Sophie H. on the Okanagan campus

Exploring cultural theory and social change

UBC Okanagan Arts student Sophie on the power of a Cultural Studies degree
student

Exploring cultural theory and social change

“It is one thing to identify what is wrong with this world, but it’s another to see how people are managing to live and finding joy within it. Because this is where the changes are happening.” - Sophie H., Cultural Studies

Choosing research in Nursing at UBC Okanagan

How Nursing student Dresya is tackling late detection of breast cancer to improve patient outcomes.
student

Choosing research in Nursing at UBC Okanagan

"The program pushes me to redefine what it means to be a 'nurse' daily. There has not been a day where I have not learned something new. Whether it is delving into the pathophysiology of a disease or acquiring a new clinical skill, the learning never stops. In my experience, the program at UBC Okanagan also understands the profound importance of people in nursing. It pushed me to look beyond mastering the scientific basis of nursing, and incorporate the patient's lived experiences into the care I provide." - Dresya D., BSN

Helping Indigenous communities through Nursing

How Ashley made the career change from marketing to nursing, with the aim of making a positive difference within the Indigenous community.
student

Helping Indigenous communities through Nursing

"Once I complete my schooling, my aim is to work closely within the Indigenous population. My passion lies in patient-centered care and ensuring cultural safety, and I'm eager to make a meaningful impact in these areas." - Ashley H., Bachelor of Science in Nursing

An artist's journey to building community

How UBC Okanagan Fine Arts student Ziv fosters community among UBC's international students as an International Peer
student

An artist's journey to building community

"As an International Peer, I aim to introduce the supportive and inclusive environment UBC has for new students to thrive in. I hope to foster a sense of community and belonging among the international student population, because building connections and relationships is crucial to a positive university experience." - Ziv W., Bachelor of Fine Arts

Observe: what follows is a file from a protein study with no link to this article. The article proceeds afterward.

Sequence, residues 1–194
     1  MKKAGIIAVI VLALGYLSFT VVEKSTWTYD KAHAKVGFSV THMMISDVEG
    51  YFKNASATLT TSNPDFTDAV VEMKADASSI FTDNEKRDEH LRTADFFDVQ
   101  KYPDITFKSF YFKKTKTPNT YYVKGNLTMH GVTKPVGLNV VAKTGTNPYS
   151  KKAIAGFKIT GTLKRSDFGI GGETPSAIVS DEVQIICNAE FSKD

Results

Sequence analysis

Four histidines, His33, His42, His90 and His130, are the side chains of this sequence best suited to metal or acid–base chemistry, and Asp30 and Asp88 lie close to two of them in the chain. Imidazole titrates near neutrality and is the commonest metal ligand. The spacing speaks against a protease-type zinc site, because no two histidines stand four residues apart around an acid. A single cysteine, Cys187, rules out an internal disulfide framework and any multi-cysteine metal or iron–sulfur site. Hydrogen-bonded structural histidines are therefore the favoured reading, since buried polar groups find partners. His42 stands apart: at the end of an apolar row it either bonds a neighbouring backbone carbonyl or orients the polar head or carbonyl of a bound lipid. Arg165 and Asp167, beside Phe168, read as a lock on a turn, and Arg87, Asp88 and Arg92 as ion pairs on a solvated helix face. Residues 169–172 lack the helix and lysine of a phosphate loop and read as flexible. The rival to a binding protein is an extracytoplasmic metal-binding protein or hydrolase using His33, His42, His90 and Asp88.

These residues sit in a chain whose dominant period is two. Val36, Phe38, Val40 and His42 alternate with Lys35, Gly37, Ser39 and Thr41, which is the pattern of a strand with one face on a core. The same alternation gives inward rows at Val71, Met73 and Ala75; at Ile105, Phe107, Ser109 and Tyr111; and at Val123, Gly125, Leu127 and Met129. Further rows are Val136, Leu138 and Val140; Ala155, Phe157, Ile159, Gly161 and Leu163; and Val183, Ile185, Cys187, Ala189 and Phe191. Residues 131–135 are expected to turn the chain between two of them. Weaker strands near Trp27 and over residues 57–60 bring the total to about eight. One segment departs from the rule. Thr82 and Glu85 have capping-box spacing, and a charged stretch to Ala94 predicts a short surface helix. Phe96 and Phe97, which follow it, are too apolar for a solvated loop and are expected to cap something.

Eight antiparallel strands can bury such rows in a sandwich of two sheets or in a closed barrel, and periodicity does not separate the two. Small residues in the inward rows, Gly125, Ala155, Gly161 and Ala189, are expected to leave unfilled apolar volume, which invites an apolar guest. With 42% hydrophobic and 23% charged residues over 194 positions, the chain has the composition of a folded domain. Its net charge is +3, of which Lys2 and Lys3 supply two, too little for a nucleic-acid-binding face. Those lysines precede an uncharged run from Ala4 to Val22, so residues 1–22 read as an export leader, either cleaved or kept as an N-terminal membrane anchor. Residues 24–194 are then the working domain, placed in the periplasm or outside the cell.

Having a blast getting to know UBC Vancouver

Bachelor of Science student Kayree on taking part in Jump Start Vancouver, Imagine Day and Collegia
student

Having a blast getting to know UBC Vancouver

"Jump Start helped me transition into university life by introducing me to people that took the same classes as me. The orientation leaders for Jump Start also did an amazing job touring us around UBC despite it being so big. I got used to the map of campus within a week." - Kayree R., Bachelor of Science

Getting ready for university

How Academic Essentials prepared Rajalakshmi for life at UBC Vancouver
student

Getting ready for university

"[Academic Essentials] was a great way to get a taste of university life and explore different aspects of academic work. I was able to see how the same content taught to me can be approached and understood in different ways. The feedback and support from the peers and mentors in the program helped me feel more confident in what I knew, while allowing me to learn and grow." - Rajalakshmi N., Bachelor of Applied Science

Finding confidence as a first-year student

How UBC Okanagan’s Orientations helped Soumil feel comfortable and confident before classes started
student

Finding confidence as a first-year student

“Jump Start was incredibly helpful in helping me to make friends before school began. Through the program, I was able to meet a lot of new people who were also incoming first-year students. We participated in a variety of activities and events together, which helped us to bond and get to know each other better. By the time classes started, I already had a solid group of friends who I could turn to for support and advice.” - Soumil C., BSc in Computer Science
next